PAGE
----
Indian wars and pioneers of Texas / by John Henry Brown.



Stout, was shot at the same instant, wheeled to the
right-about, rode hack up the bank, and fell dead,
pierced( by three balls, one in his arm, one in his
shoulder and one through his right breast. The
other men, being in single file, did not get in
range, being screened by a projection in the bank,
and some had not quite reached the creek bed.
Those firing upon Stout and Denton fled in the
brush after a single volley, and in a little time the
savages were securely hidden in the surrounding
thickets. Griffin was graze(l by a ball on his
cheek, and several passed through his clothes.
Thle men hastily countermarched to the field,
where Capt. Bourland met them. They were consilerably
(lemoralized. Pretty soon all were
rallied at the first point of attack. Bourland
took twenty-four men, went back and carried
off the body of Denton. Eighty horses, a considerable
number of copper kettles, many buffalo
robes and other stuff were carried away. Our men
retraced their steps to the Fossil creek camp of the
previous night, arriving there about midlnight,
after losing much of the spoil. Next morning,
crossing Fossil creek bottom to its north side, they
buried Denton under the bank of a ravine, at the
point of a rocky ridge, and not far from where
Birdville stanls. Ten or twelve feet from the
grave stood a large post oak tree, at the roots of
which two stones were partly set in the ground.
This duty performed they traveled up the country
on the west side of the Cross Timbers and Elm
Fork, until they struck their trail outward at the
site of Gainesville, and then followed it back to the
barracks, where they disbanded, after a division of
the captured property. The Indian woman escaped
on the way in. Gen. Tarrant kept the child, but it
was restored to its mother some two years later, at
a council in the Indian Territory.
The expedition was unsuccessful in its chief
objects and, from some cause, probably a division
of responsibility, the men, or a portion of them, at
the critical moment, were thrown into a degree of
confusion bordering on panic.
On returning home from this fruitless, indeed
unfortunate, expedition, measures were set on foot
for a larger one, of which Gen. Tarrant was again
to be the ranking officer.
At that time Gen. James Smith, of Nacogdoches,
was commander of the militia in that district. He
led an expedition at the same time to the same
section of country, there being an understanding
that he and Tarrant would, if practicable, meet
somewhere in the Cross Timbers.
The volunteers of Red river, between 400 and
500 in number, assembled from the 15th to the

20th of July, 1841, at Fort English, as the home
of Bailey English was called, an(l there organized
as a regiment by electing William C. Young as
Colonel and James Bourland as Lieutenant-Colonel.
John Smither was made Adjutant, and among the
captains were William Lane, David Key and Robert
S. Hamilton.
Gen. Tarrant assumed command and controlled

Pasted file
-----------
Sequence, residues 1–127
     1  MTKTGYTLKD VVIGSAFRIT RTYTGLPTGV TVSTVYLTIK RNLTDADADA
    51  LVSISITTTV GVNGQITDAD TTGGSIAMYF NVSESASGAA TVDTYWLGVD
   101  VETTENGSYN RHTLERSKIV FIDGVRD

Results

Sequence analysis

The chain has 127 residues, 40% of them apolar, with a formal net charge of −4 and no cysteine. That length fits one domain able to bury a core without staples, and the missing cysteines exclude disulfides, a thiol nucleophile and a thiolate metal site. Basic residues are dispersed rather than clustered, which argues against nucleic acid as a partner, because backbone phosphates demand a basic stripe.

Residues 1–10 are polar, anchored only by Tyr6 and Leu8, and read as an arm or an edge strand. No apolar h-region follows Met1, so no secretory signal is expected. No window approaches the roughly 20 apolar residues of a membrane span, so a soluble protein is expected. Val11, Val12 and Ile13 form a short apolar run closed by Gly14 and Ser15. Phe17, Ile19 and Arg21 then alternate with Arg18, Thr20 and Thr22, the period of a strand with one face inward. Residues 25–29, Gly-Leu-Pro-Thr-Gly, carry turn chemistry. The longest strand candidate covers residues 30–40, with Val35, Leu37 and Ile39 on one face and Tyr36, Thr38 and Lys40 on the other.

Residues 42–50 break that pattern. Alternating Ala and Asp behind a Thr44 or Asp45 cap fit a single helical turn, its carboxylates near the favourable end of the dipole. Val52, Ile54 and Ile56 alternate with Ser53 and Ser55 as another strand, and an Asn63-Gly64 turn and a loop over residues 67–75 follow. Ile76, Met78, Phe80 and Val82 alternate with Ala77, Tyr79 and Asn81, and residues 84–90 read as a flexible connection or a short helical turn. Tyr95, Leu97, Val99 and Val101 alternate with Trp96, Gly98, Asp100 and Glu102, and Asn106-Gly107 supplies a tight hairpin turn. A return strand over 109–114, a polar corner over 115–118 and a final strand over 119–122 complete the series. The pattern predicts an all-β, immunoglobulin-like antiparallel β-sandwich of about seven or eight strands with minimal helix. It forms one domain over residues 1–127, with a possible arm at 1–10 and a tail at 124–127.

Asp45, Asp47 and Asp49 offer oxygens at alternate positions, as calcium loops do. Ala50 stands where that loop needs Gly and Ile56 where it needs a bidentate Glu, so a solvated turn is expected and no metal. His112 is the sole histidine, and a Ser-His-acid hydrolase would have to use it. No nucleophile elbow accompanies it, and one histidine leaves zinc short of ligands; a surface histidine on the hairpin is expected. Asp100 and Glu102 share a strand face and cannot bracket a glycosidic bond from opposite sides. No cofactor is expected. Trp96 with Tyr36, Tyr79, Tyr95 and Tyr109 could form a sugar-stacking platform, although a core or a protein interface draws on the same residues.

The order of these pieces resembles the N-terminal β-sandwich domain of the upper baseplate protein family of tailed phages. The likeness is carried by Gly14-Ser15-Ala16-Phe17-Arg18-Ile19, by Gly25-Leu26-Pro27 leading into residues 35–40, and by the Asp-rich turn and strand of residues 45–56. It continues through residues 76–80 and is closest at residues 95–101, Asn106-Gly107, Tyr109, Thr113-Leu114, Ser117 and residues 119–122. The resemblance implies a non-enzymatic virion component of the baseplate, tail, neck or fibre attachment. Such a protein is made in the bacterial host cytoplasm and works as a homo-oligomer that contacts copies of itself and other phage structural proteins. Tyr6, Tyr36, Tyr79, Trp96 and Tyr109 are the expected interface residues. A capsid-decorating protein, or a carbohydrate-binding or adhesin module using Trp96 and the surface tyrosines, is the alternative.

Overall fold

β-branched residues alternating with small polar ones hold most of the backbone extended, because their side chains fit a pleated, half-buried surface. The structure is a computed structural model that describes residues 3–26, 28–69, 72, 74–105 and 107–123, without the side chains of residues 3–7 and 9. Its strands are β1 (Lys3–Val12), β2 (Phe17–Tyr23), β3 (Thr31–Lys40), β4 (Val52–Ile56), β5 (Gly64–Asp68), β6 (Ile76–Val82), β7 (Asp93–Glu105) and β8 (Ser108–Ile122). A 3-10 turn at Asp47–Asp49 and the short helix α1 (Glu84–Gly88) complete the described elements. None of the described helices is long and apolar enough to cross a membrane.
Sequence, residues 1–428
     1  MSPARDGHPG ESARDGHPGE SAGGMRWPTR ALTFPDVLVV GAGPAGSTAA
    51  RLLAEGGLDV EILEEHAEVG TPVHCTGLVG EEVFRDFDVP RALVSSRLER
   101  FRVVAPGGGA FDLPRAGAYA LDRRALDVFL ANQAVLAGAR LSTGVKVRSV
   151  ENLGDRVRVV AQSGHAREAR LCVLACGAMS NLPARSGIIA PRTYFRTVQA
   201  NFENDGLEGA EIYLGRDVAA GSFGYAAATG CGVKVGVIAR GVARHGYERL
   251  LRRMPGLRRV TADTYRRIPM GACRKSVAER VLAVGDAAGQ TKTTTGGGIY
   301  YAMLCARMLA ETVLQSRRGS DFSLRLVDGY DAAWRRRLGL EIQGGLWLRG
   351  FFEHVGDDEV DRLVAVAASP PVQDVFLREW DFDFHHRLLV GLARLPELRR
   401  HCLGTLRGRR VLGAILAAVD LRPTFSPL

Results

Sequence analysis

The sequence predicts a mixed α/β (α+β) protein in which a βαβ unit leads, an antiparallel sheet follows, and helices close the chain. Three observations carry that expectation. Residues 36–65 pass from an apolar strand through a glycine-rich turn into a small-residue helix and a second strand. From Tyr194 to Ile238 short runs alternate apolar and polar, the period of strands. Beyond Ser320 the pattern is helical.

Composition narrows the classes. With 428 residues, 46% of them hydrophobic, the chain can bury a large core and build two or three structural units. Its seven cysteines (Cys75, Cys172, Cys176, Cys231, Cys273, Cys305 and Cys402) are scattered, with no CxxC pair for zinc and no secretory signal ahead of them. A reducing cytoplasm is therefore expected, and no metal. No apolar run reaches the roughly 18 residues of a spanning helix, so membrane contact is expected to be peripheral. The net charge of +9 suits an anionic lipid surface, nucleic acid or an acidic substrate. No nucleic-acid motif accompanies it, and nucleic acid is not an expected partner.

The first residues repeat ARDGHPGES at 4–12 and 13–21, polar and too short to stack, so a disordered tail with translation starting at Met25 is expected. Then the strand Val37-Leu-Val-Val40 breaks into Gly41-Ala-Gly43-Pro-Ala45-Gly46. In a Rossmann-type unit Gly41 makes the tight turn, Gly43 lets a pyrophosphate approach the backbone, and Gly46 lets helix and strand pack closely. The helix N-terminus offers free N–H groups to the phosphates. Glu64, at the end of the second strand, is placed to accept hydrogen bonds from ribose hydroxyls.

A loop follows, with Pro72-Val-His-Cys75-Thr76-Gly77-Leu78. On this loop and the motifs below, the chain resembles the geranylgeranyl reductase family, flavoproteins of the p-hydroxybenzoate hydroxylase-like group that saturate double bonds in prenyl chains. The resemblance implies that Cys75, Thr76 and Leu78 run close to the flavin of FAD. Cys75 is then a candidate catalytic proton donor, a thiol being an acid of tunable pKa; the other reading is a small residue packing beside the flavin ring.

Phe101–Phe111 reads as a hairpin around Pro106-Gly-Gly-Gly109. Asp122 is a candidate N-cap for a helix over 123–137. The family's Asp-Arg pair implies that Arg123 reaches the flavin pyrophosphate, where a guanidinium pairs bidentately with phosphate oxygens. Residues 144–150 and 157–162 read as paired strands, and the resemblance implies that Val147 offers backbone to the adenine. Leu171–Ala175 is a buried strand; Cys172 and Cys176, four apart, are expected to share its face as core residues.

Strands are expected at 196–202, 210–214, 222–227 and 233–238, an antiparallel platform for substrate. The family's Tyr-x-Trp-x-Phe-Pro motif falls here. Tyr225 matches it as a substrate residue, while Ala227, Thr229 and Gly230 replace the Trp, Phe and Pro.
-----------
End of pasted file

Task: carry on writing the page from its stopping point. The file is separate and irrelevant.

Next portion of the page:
the expedition. Simultaneously with thlis assembling
of the people two little boys on the Bois
d'Arc, lower down, were caltured and carried off
by Indians, to be recovere(d about two years later.
The expedition move(I southwest and encamped
on the west bank of the Trinity, probably in Wise
County, and sent out a scouting party, who made no
discoveries; yet, as will be seen, the Indians discovered
Tarrant's movements in time to be unseen
by him and to narrowly escape a well-planned attack
by Gen. Smith. Witlhout discovering any enemy,
after being out several weeks, Tarrant's command
returned hlome and disbanded.
In the meantime Gen. Smith, with a regiment of
militia and volunteers, moved up northwesterly in
the general direction of the present city of Dallas.
On arriving at the block houses, known as King's
Fort, at the present town of Kaufman, he found
that the place had been assaulted by Indians (luring
the previous evening and a considerable fight had
occurred, in which the assailants had been gallantly
repulsed and had retired, more or less damaged.
Gen. Smith fell upon and followed the trail of
the discomfited savages, crossing Cedar creek (of
Kaufman County), the " East Fork," White Rock
and the Trinity where Dallas stands, this being a
few months before John Neely Bryan pitclled his
lonely camp on the same spot. On the spring
branch, a mile or so on the west side of the river,
the command halted, enjoying limpid spring water
and an abundance of honey, from which one of the
springs (lerived the name it still retains
spring. From this camp Gen. Smith dispatched a
scout of twelve men, under Capt. John L. Hall, to
seek and report the location of the Indian village.
Besides Capt. Hall there were in this scout John H.
Reagan (then a buckskin attired surveyor -years
later United States senator, having first entered the
lower House of Congress in 1857), Samuel Bean,
Isaac Bean, John I. Burton (of race-horse fame),
Hughes Burton, George Lacey, Warren A. Ferris,
a Creek Indian named Charty, and three others
whose names have not been obtained. They crossed
Mountain creek above or south of the rexas and
Pacific railroad of to-day, thence passed over the
prairie into the Cross Timbers and to within a short
distance of Village creek. From the number of

Brown, John Henry. Indian wars and pioneers of Texas / by John Henry Brown.. Austin, Tex.. The Portal to Texas History. Accessed April 20, 2014.